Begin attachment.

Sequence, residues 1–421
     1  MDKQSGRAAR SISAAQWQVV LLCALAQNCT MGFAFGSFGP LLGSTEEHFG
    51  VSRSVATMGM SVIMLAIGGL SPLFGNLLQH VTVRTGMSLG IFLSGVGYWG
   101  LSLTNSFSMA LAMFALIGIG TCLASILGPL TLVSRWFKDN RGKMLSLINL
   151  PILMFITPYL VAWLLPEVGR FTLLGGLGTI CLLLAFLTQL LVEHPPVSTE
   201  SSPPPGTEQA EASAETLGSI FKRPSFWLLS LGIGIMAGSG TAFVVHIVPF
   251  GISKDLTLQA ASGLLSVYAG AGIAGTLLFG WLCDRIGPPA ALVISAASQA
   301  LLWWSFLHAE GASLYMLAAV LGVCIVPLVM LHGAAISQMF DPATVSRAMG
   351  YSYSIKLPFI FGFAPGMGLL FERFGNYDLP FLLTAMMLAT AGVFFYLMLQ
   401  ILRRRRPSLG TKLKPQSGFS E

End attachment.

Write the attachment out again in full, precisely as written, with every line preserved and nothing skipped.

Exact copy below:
Sequence, residues 1–421
     1  MDKQSGRAAR SISAAQWQVV LLCALAQNCT MGFAFGSFGP LLGSTEEHFG
    51  VSRSVATMGM SVIMLAIGGL SPLFGNLLQH VTVRTGMSLG IFLSGVGYWG
   101  LSLTNSFSMA LAMFALIGIG TCLASILGPL TLVSRWFKDN RGKMLSLINL
   151  PILMFITPYL VAWLLPEVGR FTLLGGLGTI CLLLAFLTQL LVEHPPVSTE
   201  SSPPPGTEQA EASAETLGSI FKRPSFWLLS LGIGIMAGSG TAFVVHIVPF
   251  GISKDLTLQA ASGLLSVYAG AGIAGTLLFG WLCDRIGPPA ALVISAASQA
   301  LLWWSFLHAE GASLYMLAAV LGVCIVPLVM LHGAAISQMF DPATVSRAMG
   351  YSYSIKLPFI FGFAPGMGLL FERFGNYDLP FLLTAMMLAT AGVFFYLMLQ
   401  ILRRRRPSLG TKLKPQSGFS E